Lighting Up Wall Street


Map showing ideal locations worldwide for computerized financial stock trading.
Image courtesy of Alex Wissner Gross (MIT) and Cameron Freer (University of Hawaii) (2011)

This image shows the best locations throughout the world for computerized financial stock trading floors, represented by blue dots. The actual locations of 52 current major stock exchanges are represented by red dots. The blue dots are basically the midpoint between major financial centers in the world, marking the place where computers that do high frequency trading would have the best advantage in making the transactions before everyone else. This practice could be considered unethical and in reality, it’s improbable considering that each blue dot would have to be a manmade island floating on the seas, with its sole inhabitant, a computer meant for playing the stock market.

How is this advantage achieved? The discrepancy of how quickly information is relayed, or lag time between when information is sent and when it is received, allows for some computers to make quick choices and investments when opportunities present themselves What does this have to do with physics? Information is often relayed through fiber optics, sending information through beams of light carried through these cables. Fiber optics allow information to travel at near the speed of light. Physicists are no stranger to the speed of light and this map shows how Physicists have applied their knowledge of the speed of light to show where financial advantages could be gained. This is the kind of trading where milliseconds matter in how much money is gained or lost and can mean the difference between striking it rich or going poor.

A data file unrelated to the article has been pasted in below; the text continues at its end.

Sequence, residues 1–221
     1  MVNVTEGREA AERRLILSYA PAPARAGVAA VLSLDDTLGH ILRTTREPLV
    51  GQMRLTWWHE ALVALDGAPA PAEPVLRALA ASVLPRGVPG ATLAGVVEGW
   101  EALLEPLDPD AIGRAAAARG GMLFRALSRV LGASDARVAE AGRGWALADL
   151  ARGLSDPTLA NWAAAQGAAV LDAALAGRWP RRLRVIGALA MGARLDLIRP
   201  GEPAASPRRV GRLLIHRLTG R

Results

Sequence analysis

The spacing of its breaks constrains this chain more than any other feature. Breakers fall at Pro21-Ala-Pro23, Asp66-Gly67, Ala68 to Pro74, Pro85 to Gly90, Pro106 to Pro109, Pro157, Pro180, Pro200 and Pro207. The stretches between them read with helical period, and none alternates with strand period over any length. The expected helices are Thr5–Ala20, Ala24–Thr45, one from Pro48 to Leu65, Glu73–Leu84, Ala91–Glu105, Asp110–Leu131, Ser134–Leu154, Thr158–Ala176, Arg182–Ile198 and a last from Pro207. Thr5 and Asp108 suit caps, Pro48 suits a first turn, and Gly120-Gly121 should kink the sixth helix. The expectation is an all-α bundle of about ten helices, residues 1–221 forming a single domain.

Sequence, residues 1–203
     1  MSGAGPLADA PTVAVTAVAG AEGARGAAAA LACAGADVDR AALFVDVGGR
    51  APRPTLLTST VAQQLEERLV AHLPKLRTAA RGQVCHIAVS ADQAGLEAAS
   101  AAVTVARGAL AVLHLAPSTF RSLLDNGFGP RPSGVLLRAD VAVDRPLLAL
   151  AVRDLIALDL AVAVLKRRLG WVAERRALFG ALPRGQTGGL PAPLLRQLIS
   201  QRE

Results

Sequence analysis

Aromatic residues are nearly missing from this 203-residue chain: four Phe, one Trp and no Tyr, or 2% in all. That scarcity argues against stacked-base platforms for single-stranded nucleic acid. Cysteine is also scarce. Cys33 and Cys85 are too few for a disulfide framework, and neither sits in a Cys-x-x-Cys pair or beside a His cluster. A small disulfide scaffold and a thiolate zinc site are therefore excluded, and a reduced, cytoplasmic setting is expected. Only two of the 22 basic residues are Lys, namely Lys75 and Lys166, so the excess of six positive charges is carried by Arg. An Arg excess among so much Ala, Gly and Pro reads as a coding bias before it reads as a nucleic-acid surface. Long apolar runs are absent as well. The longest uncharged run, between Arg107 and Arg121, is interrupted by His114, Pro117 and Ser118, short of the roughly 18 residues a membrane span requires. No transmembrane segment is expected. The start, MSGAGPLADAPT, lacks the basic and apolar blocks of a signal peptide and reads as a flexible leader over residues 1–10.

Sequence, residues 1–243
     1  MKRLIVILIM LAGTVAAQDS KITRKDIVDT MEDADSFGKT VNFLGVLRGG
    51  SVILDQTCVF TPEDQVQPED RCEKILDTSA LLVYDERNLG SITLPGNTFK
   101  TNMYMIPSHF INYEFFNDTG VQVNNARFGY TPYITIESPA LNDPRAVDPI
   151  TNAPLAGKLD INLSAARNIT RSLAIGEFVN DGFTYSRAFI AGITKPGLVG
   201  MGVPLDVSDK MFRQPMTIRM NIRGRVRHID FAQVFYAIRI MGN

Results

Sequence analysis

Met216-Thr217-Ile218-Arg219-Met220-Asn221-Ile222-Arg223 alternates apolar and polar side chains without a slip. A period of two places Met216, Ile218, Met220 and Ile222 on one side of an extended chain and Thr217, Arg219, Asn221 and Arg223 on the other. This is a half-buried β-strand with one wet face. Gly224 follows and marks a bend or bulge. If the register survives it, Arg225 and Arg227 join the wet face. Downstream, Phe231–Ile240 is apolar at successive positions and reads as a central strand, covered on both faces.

The speed of light could turn the middle of the ocean into a stock-trading center